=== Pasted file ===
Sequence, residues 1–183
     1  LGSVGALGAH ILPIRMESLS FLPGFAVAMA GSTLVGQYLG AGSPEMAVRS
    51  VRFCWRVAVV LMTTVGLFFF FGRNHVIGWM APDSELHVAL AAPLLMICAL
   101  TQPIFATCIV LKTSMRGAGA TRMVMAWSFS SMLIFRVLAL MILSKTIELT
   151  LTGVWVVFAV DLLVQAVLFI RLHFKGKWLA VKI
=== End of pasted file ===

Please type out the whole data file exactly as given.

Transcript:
Sequence, residues 1–183
     1  LGSVGALGAH ILPIRMESLS FLPGFAVAMA GSTLVGQYLG AGSPEMAVRS
    51  VRFCWRVAVV LMTTVGLFFF FGRNHVIGWM APDSELHVAL AAPLLMICAL
   101  TQPIFATCIV LKTSMRGAGA TRMVMAWSFS SMLIFRVLAL MILSKTIELT
   151  LTGVWVVFAV DLLVQAVLFI RLHFKGKWLA VKI